My goal is to make this matter known. I am not looking for him to repay me any child support. My question, though, is how can we give someone Social Security without looking more in depth to his background? How is he proving that he’s a resident of the United States, for example? If someone is collecting Social Security through an ex-spouse, then why aren’t we checking to see if they paid all their child support? He’s currently lying to the federal office and benefiting on my behalf. ...
Dear Used and Confused: You can report Social Security fraud through the Social Security Administration website (https://www.ssa.gov/) or by calling the SSA at 1-800-269-0271. It sounds as though your husband has disqualified himself from receiving benefits in many ways. Also note that anyone who owes $2,500 or more in child support is not eligible to receive a U.S. passport. Talk to a lawyer about procuring the back pay of child support as well as preventing your husband from fraudulently claiming your SS benefits.
     It's certainly appropriate to report Social Security fraud but there are a few problems with this answer. First, it's not fraud to receive U.S. Social Security benefits while living in another country. In fact, there's about half a million people living outside U.S. borders who receive U.S. Social Security benefits and, no, you don't have to be a U.S. citizen to do so. Second, the writer should have told this woman that child support can be withheld from Social Security benefits. Third, the ex-husband getting benefits on the account doesn't reduce the benefits going to this woman. Whatever he gets is on top of what she gets, not subtracted from it. If she's smart, she can use him getting benefits on her account to collect the child support she's owed but not unless she gets better advice than this.

Apr 3, 2018

Briefs Filed In Lucia Case

     All of the amicus briefs, 23 of them, have been filed in Lucia v. S.E.C., the case pending before the Supreme Court on the question of whether Administrative Law Judges (ALJs), as presently appointed, are constitutional, at least at the S.E.C.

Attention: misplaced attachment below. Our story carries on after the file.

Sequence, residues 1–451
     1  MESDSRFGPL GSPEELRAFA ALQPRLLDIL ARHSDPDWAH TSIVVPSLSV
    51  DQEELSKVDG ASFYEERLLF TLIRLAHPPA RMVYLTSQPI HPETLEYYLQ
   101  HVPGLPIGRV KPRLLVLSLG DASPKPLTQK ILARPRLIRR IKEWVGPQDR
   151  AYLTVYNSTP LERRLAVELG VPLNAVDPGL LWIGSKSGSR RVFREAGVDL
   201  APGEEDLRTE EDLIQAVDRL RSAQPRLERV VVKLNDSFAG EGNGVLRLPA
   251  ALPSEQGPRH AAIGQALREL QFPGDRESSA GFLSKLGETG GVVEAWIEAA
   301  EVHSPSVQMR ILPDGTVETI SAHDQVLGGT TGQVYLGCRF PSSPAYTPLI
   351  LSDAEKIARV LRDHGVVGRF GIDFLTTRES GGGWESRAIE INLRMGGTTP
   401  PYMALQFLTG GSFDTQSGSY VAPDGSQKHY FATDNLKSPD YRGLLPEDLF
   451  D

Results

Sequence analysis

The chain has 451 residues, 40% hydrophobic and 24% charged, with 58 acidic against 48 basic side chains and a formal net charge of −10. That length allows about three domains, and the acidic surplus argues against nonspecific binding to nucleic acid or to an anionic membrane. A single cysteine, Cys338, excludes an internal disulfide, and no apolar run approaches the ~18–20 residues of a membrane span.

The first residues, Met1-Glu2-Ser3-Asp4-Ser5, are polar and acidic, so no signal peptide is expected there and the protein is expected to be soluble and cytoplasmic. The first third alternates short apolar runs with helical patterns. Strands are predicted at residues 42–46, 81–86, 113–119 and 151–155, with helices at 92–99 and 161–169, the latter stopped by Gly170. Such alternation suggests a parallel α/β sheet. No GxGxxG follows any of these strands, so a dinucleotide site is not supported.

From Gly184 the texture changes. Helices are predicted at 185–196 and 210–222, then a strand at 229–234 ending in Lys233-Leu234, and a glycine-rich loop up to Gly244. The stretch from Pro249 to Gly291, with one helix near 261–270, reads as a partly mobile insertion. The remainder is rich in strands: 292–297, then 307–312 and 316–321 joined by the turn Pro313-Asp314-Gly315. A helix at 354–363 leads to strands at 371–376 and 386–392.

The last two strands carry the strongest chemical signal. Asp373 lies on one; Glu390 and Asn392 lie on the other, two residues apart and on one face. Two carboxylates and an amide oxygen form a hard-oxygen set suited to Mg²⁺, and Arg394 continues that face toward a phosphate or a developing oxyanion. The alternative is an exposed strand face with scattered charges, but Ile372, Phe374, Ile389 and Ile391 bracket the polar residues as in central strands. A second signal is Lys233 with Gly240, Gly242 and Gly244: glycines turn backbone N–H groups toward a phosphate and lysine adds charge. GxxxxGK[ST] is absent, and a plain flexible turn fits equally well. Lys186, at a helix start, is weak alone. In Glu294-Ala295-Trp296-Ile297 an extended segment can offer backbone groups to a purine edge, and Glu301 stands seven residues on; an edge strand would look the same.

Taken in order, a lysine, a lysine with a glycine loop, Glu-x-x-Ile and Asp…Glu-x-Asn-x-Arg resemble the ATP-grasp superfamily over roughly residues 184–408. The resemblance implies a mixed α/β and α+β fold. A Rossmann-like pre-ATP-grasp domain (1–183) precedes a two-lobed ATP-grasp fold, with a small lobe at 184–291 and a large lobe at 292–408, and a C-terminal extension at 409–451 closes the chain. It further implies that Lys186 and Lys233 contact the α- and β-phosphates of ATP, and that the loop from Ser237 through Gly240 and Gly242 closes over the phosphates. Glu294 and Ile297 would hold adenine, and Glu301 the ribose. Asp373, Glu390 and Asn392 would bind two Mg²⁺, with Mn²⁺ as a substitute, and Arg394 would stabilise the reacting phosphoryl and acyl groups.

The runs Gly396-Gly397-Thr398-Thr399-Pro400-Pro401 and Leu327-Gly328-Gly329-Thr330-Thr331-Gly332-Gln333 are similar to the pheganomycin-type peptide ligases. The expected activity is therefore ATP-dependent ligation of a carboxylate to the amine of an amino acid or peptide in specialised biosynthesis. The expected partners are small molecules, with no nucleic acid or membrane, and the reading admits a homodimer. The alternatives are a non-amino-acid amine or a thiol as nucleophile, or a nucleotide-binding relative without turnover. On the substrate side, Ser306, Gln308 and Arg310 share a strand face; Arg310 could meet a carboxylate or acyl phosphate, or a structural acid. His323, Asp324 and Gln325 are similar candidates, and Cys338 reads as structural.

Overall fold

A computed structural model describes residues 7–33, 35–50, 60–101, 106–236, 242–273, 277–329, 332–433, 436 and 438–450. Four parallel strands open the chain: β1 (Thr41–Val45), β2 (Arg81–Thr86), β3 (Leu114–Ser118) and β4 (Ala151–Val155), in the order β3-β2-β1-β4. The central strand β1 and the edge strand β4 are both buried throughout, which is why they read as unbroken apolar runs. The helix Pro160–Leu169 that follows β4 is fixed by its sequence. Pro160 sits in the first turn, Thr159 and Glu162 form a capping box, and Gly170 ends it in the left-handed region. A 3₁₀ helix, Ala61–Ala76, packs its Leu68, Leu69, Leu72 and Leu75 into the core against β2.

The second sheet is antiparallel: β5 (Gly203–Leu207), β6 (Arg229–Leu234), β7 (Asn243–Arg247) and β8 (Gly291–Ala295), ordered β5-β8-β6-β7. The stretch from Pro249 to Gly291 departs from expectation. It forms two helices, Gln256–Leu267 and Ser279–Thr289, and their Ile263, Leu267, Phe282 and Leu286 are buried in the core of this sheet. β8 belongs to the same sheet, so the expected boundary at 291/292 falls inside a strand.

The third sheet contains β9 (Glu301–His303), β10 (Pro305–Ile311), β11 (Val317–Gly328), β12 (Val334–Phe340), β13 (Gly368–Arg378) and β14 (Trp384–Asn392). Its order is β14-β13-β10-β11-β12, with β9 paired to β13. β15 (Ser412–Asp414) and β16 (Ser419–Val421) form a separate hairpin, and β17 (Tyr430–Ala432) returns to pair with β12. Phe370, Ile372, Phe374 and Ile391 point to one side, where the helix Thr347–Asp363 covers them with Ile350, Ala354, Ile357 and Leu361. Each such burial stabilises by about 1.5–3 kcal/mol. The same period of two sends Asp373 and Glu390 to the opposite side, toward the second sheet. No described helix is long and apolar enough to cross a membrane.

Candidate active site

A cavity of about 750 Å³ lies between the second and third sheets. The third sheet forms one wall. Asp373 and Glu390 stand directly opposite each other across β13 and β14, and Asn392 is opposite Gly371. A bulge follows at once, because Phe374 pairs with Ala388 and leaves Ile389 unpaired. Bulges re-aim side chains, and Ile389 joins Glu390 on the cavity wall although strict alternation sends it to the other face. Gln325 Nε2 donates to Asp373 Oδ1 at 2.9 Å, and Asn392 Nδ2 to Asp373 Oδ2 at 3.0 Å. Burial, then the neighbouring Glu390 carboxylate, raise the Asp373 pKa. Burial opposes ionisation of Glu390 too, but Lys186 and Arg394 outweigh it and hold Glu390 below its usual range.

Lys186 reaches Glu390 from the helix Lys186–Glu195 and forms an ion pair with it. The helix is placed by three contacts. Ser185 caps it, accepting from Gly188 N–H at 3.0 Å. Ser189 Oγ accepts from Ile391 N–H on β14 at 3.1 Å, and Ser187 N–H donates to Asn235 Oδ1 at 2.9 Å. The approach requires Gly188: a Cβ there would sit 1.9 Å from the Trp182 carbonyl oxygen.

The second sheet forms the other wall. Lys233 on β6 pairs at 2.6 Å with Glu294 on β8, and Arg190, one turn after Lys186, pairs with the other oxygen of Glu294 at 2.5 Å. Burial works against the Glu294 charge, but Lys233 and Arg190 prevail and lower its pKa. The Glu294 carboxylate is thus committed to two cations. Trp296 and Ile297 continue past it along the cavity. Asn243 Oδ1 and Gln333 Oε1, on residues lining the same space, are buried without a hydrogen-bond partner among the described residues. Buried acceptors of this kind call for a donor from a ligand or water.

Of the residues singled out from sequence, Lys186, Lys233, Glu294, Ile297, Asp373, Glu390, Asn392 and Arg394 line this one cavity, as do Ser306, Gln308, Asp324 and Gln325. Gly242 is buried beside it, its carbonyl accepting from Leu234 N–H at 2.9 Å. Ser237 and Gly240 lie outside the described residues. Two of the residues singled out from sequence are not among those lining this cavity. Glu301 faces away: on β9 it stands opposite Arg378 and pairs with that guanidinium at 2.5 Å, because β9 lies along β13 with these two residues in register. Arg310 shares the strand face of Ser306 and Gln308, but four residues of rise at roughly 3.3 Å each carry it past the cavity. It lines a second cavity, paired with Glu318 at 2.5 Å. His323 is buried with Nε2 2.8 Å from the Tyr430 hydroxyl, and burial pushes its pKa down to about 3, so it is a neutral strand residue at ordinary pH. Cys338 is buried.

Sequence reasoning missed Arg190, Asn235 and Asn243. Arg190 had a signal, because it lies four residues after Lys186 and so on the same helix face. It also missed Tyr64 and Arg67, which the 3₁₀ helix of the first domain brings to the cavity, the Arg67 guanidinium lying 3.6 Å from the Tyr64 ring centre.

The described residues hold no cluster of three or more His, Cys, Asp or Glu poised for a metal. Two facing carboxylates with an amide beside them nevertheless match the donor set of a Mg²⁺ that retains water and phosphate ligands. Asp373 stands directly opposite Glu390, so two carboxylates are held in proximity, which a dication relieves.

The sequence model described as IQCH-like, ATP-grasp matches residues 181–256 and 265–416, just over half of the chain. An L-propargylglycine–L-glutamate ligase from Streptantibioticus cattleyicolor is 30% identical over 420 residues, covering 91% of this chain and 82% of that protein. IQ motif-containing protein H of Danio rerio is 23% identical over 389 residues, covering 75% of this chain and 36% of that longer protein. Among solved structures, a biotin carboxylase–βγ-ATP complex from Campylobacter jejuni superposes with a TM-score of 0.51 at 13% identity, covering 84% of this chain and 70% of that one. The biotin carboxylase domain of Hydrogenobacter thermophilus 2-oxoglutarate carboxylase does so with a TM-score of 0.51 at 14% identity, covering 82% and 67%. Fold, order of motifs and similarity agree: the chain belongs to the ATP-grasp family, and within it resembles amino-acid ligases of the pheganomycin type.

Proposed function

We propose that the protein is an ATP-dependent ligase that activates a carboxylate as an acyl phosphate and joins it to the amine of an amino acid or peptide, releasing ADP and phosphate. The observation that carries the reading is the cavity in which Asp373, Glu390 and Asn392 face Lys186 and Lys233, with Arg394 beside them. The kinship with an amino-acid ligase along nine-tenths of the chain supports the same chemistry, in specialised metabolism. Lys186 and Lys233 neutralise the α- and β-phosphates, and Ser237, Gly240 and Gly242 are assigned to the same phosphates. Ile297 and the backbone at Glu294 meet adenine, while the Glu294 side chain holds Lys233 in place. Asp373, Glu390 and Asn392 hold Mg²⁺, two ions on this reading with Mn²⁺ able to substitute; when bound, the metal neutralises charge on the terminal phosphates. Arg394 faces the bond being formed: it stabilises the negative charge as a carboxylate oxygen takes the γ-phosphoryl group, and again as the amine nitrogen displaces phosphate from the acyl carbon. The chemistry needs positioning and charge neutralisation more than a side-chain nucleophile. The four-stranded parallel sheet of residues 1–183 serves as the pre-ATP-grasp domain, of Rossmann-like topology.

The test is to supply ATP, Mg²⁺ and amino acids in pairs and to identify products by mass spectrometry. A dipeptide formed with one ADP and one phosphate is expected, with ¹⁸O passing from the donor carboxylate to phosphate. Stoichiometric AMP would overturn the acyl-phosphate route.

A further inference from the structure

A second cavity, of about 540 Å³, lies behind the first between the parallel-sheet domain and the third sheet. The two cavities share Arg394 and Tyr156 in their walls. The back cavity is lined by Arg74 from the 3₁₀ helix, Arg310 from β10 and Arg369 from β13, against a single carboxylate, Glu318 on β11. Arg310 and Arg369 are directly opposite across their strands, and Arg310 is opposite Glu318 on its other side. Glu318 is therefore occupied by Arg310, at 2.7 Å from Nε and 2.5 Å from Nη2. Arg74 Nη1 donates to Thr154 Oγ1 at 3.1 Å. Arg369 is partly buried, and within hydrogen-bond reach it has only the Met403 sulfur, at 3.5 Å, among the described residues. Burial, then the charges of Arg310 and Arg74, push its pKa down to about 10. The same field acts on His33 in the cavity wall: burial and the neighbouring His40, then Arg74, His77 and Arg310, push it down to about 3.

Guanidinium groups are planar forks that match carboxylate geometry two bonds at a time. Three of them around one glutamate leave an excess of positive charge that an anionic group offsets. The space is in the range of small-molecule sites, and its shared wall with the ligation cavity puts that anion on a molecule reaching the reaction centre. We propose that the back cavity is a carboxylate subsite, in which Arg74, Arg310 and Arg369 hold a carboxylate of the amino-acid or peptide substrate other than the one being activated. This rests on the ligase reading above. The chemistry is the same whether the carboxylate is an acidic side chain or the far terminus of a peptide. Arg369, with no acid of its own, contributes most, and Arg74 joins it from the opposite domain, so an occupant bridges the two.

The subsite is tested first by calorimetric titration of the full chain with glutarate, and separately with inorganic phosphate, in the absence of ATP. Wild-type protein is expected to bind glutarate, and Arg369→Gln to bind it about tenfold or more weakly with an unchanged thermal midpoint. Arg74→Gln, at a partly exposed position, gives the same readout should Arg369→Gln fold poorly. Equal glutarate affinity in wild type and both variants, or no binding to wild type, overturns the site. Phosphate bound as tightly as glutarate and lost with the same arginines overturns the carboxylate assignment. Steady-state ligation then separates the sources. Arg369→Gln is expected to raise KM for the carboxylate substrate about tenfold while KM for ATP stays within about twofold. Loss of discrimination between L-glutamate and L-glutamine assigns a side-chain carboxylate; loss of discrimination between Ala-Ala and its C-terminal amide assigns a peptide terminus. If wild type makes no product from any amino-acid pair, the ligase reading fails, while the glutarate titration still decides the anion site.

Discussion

Many readers will be interested in the amicus brief filed by the National Organization of Social Security Claimants Representatives (NOSSCR). It argues that if the Supreme Court is going to find S.E.C. ALJs unconstitutional, it should distinguish Social Security ALJs on the grounds that the cases they hear are non-adversarial. That's the argument NOSSCR pretty much has to make.
     The amicus brief that I like best is one filed by a group of 29 law professors who teach and write about administrative law. That brief calls upon the Supreme Court to be pragmatic. It gives a wider and deeper administrative law perspective largely absent from all the other briefs filed in the case. Here are a couple of excerpts:
The Court’s holding and approach in this case have major implications for the adjudicative structure of the federal government. If the Court were to apply the Tenth Circuit test [that found ALJs to be unconstitutional] to the five SEC ALJs as the basis for a holding that they are inferior officers, federal courts would be required to apply the same test to the 1,926 ALJs who perform analogous functions at other agencies. And it would almost certainly trigger similar challenges to decisions made by the thousands of non-ALJ adjudicators (often referred to as administrative judges or AJs) who perform analogous functions at other agencies. Together, ALJs and AJs preside at hearings in millions of adjudications each year.
If, as seems likely, that iterative process yielded a series of holdings that many thousand federal employees with responsibilities that include presiding at hearings are inferior officers, federal courts would then have to decide what to do about the cases that have been the subject of hearings presided over by those unconstitutionally appointed officers. Courts would also have to decide whether the statutory restrictions on removal of the members of this large new class of inferior officers are constitutional, an issue not before the Court in this case. The point, however, is that the stakes are sufficiently high to justify a judicial approach that preserves as much as possible the congressional design to check agency power through the use of ALJ. ...